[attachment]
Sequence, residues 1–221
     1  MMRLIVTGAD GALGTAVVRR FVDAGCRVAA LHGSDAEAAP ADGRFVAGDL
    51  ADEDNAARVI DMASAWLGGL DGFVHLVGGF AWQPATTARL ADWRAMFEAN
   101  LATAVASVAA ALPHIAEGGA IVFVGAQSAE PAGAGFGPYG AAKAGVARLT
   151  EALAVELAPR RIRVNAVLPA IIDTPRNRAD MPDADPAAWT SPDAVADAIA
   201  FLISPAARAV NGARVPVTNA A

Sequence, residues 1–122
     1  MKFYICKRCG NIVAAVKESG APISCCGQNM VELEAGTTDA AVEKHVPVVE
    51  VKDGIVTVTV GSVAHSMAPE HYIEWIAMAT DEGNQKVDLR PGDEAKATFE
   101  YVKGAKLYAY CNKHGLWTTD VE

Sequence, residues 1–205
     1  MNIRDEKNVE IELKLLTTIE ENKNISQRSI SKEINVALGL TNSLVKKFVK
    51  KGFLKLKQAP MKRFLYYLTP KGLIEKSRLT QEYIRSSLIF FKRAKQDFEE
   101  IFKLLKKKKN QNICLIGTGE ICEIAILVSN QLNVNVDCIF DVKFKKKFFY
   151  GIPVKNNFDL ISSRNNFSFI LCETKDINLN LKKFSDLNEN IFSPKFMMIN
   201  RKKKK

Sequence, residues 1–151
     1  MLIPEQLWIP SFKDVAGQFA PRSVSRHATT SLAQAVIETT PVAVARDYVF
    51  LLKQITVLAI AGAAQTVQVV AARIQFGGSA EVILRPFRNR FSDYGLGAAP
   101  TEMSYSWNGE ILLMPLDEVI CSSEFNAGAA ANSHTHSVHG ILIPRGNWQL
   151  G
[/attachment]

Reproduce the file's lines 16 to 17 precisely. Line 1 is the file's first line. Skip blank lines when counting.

   201  RKKKK

Sequence, residues 1–151